About Us

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Our Objectives

To relieve sickness, poverty and promote social inclusion through the provision of treatment, care, rehabilitation, education and training services to persons or members of their families who:

  • Have been, or are, or are in danger of becoming substance misusers.
  • Have committed or are likely to commit crime.
  • Have been, or are, or are in danger of experiencing mental health conditions.
  • Have been, or are, or are in danger of becoming homeless.
  • Have been, or are, or are in danger of experiencing marginalisation, discrimination or social exclusion.

The Bridge Project Trustees’ Annual Report and Financial Statements

Click here to download the latest report (780KB)

Our Mission

To empower people experiencing multiple barriers to achieve positive change.

Our Vision

A place where everyone can achieve a fulfilling life.

Our Values

Bridge is a value driven organisation. These strong values are at the heart of all we do as we believe in people’s ability to change and their right to high quality services:

  • Integrity —always doing the right thing.
  • Compassion —not judging the people who use our services, responding to them with kindness and understanding.
  • Empowerment enabling people to achieve their full potential
  • Equitable respecting each person’s uniqueness and treating them fairly
  • Ambition —striving for excellence
  • Sustainable —ensuring we are in for the long haul
  • Boldness —willingness to take calculated risks and having courage to face challenges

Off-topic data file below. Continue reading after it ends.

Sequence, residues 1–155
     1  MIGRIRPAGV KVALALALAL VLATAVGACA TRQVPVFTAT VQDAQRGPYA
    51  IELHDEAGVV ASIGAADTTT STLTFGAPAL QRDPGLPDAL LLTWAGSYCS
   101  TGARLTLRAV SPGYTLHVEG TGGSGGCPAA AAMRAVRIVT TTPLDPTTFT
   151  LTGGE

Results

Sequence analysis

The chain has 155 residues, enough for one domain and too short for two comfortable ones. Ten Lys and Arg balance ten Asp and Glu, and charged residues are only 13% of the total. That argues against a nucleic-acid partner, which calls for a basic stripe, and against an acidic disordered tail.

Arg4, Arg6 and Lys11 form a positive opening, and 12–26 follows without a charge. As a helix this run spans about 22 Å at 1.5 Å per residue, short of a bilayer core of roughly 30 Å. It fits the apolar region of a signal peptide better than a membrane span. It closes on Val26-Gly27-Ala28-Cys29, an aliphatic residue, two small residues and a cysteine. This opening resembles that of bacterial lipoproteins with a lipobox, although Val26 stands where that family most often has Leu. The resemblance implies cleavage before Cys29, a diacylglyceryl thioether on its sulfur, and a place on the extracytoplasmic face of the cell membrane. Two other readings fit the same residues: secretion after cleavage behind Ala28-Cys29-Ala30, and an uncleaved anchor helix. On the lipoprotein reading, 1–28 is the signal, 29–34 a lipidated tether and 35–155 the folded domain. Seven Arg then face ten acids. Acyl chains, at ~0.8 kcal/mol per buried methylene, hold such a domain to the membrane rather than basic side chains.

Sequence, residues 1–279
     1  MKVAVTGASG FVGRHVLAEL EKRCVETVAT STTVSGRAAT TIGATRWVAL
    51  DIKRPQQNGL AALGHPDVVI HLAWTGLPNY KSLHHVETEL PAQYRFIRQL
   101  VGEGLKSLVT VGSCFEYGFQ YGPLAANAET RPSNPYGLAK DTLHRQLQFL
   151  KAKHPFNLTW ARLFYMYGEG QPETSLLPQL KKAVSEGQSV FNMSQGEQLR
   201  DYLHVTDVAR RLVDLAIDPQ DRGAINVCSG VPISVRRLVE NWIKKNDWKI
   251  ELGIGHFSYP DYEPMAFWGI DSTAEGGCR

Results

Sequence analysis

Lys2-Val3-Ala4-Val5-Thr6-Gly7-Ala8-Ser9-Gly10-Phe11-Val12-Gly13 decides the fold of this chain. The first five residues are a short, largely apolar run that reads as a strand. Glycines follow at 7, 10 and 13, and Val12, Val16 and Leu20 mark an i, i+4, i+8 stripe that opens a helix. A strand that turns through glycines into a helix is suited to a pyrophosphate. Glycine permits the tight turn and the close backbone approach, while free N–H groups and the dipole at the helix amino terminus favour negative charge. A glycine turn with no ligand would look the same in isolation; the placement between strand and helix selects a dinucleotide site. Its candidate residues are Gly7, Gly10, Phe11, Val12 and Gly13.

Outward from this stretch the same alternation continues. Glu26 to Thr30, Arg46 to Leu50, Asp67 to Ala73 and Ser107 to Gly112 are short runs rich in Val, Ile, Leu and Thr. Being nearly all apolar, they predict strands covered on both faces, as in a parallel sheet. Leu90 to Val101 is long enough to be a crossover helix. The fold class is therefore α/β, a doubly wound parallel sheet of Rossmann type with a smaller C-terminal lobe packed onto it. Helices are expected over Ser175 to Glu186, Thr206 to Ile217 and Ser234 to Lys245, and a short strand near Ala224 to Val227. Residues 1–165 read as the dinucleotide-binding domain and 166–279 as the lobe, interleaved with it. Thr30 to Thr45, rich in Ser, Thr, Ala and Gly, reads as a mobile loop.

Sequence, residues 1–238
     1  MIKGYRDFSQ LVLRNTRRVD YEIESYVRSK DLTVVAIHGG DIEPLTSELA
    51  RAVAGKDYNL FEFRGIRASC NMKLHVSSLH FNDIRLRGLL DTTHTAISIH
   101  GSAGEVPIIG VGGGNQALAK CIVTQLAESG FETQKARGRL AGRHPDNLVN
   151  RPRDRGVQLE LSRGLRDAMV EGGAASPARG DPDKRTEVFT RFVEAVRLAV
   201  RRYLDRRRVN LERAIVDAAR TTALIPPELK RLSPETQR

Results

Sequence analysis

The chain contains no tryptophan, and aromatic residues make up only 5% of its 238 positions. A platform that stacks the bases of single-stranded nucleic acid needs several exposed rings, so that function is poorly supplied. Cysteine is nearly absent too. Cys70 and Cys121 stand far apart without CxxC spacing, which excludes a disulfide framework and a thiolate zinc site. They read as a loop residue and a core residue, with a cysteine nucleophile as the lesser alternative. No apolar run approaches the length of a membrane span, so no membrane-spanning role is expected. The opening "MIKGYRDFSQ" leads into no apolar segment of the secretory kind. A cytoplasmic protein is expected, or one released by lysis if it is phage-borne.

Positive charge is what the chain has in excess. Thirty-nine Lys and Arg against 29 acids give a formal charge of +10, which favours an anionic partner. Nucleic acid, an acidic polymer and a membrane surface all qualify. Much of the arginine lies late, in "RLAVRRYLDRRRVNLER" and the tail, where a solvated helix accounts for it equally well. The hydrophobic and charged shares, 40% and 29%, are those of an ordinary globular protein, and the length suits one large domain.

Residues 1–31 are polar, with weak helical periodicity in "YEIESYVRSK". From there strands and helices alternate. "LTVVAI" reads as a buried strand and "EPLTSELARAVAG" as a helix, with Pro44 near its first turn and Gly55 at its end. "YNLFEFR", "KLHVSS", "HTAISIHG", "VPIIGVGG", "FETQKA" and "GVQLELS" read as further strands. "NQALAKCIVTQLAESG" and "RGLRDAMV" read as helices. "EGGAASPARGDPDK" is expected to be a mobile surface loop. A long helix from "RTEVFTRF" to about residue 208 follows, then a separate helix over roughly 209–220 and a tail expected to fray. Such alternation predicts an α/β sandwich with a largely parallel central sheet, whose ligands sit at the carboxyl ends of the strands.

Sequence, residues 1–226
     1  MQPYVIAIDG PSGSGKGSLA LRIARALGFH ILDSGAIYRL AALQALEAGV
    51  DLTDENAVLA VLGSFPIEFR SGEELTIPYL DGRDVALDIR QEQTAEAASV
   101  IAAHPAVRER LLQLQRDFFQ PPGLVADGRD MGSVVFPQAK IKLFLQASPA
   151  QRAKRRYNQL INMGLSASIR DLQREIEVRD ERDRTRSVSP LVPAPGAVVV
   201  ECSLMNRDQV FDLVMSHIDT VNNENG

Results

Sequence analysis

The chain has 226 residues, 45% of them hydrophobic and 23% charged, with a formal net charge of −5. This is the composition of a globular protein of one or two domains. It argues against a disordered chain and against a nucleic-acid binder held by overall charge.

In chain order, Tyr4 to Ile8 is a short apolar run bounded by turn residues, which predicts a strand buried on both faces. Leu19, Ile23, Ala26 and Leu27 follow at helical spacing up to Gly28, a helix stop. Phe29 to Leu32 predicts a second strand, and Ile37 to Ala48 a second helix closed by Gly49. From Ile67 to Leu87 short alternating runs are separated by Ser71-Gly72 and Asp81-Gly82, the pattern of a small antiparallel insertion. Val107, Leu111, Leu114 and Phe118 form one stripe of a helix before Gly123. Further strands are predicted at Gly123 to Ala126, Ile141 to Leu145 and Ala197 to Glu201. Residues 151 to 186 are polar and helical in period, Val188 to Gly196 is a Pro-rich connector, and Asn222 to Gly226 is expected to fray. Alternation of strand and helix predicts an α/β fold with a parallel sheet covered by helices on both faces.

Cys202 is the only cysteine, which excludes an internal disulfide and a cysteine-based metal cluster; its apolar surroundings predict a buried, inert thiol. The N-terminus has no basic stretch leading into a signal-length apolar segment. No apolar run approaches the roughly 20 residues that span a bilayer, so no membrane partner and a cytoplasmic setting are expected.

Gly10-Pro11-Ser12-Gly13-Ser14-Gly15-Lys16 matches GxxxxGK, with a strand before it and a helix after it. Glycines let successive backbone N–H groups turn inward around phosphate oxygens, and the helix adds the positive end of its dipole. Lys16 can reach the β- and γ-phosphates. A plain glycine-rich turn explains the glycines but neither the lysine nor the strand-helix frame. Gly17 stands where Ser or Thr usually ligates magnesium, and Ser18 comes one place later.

Recovery Statement

Recovery is the common outcome all Bridge services aim to achieve. Recovery is a journey of transformation enabling a person with a substance misuse problem to live a meaningful life in a community of his or her choice while striving to achieve his or her full potential.

Bridge will use the following core principles to build resilience and facilitate recovery:

  • Fostering hope, as a source of motivation and strength for Service Users when trying to overcome challenges in their lives.
  • Enabling Service Users to take personal responsibility for their own self-care and Recovery, for their families, children and the community.
  • Tailoring services to the unique needs of Service Users, building on the capacities, resiliencies, talents, strengths and inherent worth of individuals.
  • Providing services that address all aspects of a Service User’s life, including substance misuse, housing, work, education, training, healthcare, offending, spirituality, family life and relationships, community participation and support networks.
  • Recognising the need for protection of individuals, families, children and the community.
  • Promoting the rights of Service Users and reducing the barrier of stigma by promoting positive messages about recovery from real people.
  • Challenging all forms of discrimination and ensuring the inclusion and full participation of Service Users in all aspects of their lives.
  • Basing services on robust research.
  • Providing opportunities for Service Users to help and support each other engendering a sense of belonging, promoting supportive relationships and community.
  • Empowering Service users to have a right to participate in decisions that will affect their lives; the right to determine their own path of Recovery to achieve their goals.
  • Recognising that recovery is based on growth, experiencing setbacks and learning from experience.